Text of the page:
Growth hormone receptor polymorphism and growth hormone therapy response in children: a bayesian meta-analysis

Renehan, Andrew G; Solomon, Mattea; Zwahlen, Marcel; Morjaria, Reena; Whatmore, Andrew; Audí, Laura; Binder, Gerhard; Blum, Werner; Bougnères, Pierre; Santos, Christine Dos; Carrascosa, Antonio; Hokken-Koelega, Anita; Jorge, Alexander; Mullis, Primus E; Tauber, Maïthé; Patel, Leena; Clayton, Peter E (2012). Growth hormone receptor polymorphism and growth hormone therapy response in children: a bayesian meta-analysis. American journal of epidemiology, 175(9), pp. 867-877. Cary, N.C.: Oxford University Press 10.1093/aje/kwr408

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Recombinant human growth hormone (rhGH) therapy is used in the long-term treatment of children with growth disorders, but there is considerable treatment response variability. The exon 3-deleted growth hormone receptor polymorphism (GHR(d3)) may account for some of this variability. The authors performed a systematic review (to April 2011), including investigator-only data, to quantify the effects of the GHR(fl-d3) and GHR(d3-d3) genotypes on rhGH therapy response and used a recently established Bayesian inheritance model-free approach to meta-analyze the data. The primary outcome was the 1-year change-in-height standard-deviation score for the 2 genotypes. Eighteen data sets from 12 studies (1,527 children) were included. After several prior assumptions were tested, the most appropriate inheritance model was codominant (posterior probability = 0.93). Compared with noncarriers, carriers had median differences in 1-year change-in-height standard-deviation score of 0.09 (95% credible interval (CrI): 0.01, 0.17) for GHR(fl-d3) and of 0.14 (95% CrI: 0.02, 0.26) for GHR(d3-d3). However, the between-study standard deviation of 0.18 (95% CrI: 0.10, 0.33) was considerable. The authors tested by meta-regression for potential modifiers and found no substantial influence. They conclude that 1) the GHR(d3) polymorphism inheritance is codominant, contrasting with previous reports; 2) GHR(d3) genotypes account for modest increases in rhGH effects in children; and 3) considerable unexplained variability in responsiveness remains.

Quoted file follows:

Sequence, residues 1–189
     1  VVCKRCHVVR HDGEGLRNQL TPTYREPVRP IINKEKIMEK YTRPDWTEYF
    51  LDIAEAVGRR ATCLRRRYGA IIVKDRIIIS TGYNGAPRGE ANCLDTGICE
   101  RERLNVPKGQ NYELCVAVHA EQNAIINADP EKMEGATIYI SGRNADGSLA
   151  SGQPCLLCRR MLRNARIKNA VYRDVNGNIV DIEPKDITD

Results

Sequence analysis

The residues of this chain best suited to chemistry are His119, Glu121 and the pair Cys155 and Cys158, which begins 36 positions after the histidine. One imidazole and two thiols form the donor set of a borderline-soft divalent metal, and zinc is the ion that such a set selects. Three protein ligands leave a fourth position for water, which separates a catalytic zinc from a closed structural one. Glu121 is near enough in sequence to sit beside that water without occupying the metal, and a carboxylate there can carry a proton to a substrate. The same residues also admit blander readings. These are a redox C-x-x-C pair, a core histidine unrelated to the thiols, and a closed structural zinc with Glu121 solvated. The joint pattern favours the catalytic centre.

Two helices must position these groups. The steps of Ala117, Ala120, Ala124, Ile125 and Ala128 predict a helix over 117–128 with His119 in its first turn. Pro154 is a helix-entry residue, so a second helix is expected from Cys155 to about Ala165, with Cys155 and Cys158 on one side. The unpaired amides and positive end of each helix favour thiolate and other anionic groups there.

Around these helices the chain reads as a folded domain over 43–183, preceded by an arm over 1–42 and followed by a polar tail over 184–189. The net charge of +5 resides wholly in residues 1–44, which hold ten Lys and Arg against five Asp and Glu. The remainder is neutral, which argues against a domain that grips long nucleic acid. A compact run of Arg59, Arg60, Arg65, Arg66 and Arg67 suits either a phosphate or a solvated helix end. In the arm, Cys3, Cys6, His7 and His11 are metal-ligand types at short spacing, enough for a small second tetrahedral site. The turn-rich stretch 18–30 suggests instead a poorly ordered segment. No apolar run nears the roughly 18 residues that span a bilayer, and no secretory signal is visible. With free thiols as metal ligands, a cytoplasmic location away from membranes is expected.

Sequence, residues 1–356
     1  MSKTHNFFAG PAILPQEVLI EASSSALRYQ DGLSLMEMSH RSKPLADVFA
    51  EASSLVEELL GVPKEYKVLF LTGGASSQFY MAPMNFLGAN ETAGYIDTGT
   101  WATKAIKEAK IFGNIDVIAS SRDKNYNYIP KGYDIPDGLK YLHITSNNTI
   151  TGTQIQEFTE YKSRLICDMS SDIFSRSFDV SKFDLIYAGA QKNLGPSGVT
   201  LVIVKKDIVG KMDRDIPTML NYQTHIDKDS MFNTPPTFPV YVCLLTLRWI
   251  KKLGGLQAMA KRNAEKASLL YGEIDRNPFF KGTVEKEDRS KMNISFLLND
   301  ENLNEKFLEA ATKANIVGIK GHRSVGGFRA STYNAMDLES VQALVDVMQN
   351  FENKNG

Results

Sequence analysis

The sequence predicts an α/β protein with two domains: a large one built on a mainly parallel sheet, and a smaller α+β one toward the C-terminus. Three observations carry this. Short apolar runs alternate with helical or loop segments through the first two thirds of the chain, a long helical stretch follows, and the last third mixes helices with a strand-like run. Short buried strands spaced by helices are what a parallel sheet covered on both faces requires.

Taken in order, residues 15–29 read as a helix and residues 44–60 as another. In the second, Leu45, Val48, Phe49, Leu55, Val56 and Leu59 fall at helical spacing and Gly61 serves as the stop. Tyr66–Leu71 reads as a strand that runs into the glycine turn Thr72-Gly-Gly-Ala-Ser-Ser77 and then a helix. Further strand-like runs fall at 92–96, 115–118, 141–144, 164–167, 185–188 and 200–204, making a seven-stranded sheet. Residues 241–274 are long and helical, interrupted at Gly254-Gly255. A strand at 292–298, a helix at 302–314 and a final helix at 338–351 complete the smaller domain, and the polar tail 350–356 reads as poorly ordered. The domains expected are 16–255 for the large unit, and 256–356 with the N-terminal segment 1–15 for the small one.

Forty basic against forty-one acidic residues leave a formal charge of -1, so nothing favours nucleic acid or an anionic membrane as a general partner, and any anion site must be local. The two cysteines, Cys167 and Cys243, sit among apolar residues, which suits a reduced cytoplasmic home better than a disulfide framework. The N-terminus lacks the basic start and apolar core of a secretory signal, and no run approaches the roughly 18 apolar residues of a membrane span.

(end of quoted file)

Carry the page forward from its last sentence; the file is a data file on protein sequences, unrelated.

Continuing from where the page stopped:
Item Type:

Journal Article (Original Article)

Division/Institute:

04 Faculty of Medicine > Pre-clinic Human Medicine > Institute of Social and Preventive Medicine (ISPM)
04 Faculty of Medicine > Department of Gynaecology, Paediatrics and Endocrinology (DFKE) > Clinic of Paediatric Medicine

UniBE Contributor:

Zwahlen, Marcel and Mullis, Primus-Eugen

Subjects:

600 Technology > 610 Medicine & health

ISSN:

0002-9262

Publisher:

Oxford University Press

Language:

English

Submitter:

Factscience Import

Date Deposited:

04 Oct 2013 14:22

Last Modified:

09 Sep 2017 19:34

Publisher DOI:

10.1093/aje/kwr408

PubMed ID:

22494952

Web of Science ID:

000270489900718

BORIS DOI:

10.7892/boris.7561

URI:

https://boris.unibe.ch/id/eprint/7561 (FactScience: 212851)

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